Some tropes refuse to die
August 26, 2019 10:19 AM   Subscribe

" . . . This is why I found Deadspin’s recent article about racism toward Native American lacrosse teams within the Dakota Premier Lacrosse League (DPLL) particularly vital. The way Curtis Waltman laid out the bigotry experience by Native American teams expelled from the league in his piece illustrated why there needs to be a shift in the reporting of Native American athletics. Other than basketball, coverage of Native sports is underrepresented, and the pressures and abuses that come from failing to shed light on these sports will only continue unless they become part of our everyday sports consumption." How to Cover Native American Sports

Native American Lacrosse Teams Reported Racial Abuse. Then Their League Expelled Them. - Deadspin article mentioned above.

Dakota lacrosse teams’ expulsion may have exposed undercurrent of racism - Three primarily Native American teams say they were banned after complaining about racial taunts

Controversy over expulsion of three Native American lacrosse teams leads to positive outreach

What It Means to be Native in This Sport - US Lacrosse Magazine asked a dozen Native American lacrosse players — past and present — to share their stories in their words.

The History of Lacrosse - "The Native American games were seen as major events, which took place over several days.They were played over huge open areas between villages and the goals, which might be trees or other natural features, were anything from 500 yards to several miles apart. Any number of players were involved. Some estimates have mentioned between 100 and 100,000 players participating in a game at any one time. The rules were very simple, the ball was not to be touched by a player’s hand and there were no boundaries. The ball was tossed into the air to indicate the start of the game and players raced to be the first to catch it."
posted by flug (7 comments total) 29 users marked this as a favorite
 
A note that may not be super obvious, I mean it was mentioned a bit, but jumped out at me:

While the focus is on the league admin who is the obvious asshole/antagonist in this story, don't dare forget that each and every other person, especially the non-native coaches, are culpable in this abhorrent behavior. The fact that they aren't ringing alarm bells at the very least, nor backing up the stories of incidents on the field, speaks volumes as to their motives, priorities, and/or racial belief structure.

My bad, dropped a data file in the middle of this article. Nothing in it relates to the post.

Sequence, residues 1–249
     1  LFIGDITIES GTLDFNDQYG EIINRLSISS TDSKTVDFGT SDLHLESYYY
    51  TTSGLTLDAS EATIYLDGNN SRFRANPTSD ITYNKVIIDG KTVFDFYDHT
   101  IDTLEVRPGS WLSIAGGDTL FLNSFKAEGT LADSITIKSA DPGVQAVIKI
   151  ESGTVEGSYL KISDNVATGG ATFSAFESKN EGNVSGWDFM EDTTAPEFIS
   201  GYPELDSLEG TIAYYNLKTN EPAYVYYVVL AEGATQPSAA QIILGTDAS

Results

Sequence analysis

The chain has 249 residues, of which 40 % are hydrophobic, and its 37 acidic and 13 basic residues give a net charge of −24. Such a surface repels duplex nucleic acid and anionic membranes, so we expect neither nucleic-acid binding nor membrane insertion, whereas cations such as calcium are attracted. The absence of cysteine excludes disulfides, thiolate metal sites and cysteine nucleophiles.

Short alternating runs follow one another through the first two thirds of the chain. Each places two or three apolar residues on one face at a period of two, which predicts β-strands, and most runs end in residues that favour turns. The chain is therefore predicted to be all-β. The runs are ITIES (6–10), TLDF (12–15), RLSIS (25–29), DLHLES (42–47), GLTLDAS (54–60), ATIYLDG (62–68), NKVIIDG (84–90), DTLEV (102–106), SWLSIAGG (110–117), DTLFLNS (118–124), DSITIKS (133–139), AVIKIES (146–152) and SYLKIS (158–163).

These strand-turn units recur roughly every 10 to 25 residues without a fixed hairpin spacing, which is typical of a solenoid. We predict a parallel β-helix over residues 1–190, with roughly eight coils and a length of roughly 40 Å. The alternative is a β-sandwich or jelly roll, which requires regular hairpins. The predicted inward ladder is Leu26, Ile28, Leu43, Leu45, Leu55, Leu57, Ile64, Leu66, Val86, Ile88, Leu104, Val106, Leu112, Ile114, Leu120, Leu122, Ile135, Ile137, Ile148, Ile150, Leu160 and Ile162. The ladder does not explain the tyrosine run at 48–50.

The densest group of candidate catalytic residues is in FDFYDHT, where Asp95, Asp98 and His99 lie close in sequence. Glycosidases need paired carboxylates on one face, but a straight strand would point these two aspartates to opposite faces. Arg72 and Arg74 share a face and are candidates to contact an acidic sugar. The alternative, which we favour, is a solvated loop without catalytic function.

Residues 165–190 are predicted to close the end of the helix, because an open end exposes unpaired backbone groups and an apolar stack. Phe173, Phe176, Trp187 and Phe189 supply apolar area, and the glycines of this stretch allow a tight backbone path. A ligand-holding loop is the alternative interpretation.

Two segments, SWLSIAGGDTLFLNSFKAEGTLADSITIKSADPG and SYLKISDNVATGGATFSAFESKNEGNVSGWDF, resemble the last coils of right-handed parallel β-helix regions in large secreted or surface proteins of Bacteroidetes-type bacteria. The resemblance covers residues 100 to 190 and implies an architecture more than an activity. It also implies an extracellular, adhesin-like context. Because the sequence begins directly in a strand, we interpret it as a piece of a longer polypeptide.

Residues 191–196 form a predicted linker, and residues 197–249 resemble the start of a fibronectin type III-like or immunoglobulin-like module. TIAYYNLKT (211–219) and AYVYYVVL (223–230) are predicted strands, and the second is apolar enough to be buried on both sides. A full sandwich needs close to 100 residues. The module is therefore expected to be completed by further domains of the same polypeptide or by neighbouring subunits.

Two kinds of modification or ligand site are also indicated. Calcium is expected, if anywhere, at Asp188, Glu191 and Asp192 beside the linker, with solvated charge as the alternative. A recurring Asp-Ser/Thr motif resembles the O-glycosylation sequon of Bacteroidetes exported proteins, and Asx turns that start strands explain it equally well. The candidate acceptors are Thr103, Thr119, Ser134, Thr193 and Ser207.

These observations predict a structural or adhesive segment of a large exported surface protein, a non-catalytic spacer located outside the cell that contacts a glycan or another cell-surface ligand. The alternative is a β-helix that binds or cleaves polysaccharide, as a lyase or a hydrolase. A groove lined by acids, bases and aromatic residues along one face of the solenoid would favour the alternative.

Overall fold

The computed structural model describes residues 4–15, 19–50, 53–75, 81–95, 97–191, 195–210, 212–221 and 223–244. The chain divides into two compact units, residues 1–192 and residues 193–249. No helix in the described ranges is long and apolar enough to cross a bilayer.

I'm sorry but the statement I keep hearing about one Nazi sitting at a table with 11 other people making it 12 Nazis at said table, yep that applies to racism in cases like this just as aptly.
posted by RolandOfEld at 10:36 AM on August 26, 2019 [21 favorites]


Not to be patronizing, but honestly looking for a new POV: are there any standout Native sports writers, or local writers who pay attention to Native teams & players? I have read really passionate pieces written by local sports writers, who have an intimate knowledge of local sports history and might even have watched more than one generation of a family play, and it brings fantastic context to the pieces.

(For example, the recent Fox Sports TV series on Minnesota Town Ball interviews a lot of players and writers who have spent their whole lives around a hyper-local team, and the stories are very much worth hearing.)
posted by wenestvedt at 10:43 AM on August 26, 2019 [3 favorites]


Great post, thank you for this.
posted by sallybrown at 10:59 AM on August 26, 2019 [1 favorite]




OK, this looks like an awesome place to start. Thanks! I will begin with these!m as soon as I figure out access that isn't so expensive. Library, here I come....
posted by wenestvedt at 6:07 PM on August 26, 2019


For a great book on the history of lacrosse, check out American Indian Lacrosse: Little Brother of War by Thomas Vennum.
posted by gudrun at 7:56 PM on August 26, 2019 [2 favorites]


Lots of good bookmark Ms for future reading here. Thanks!
posted by The Underpants Monster at 11:19 PM on August 26, 2019 [1 favorite]


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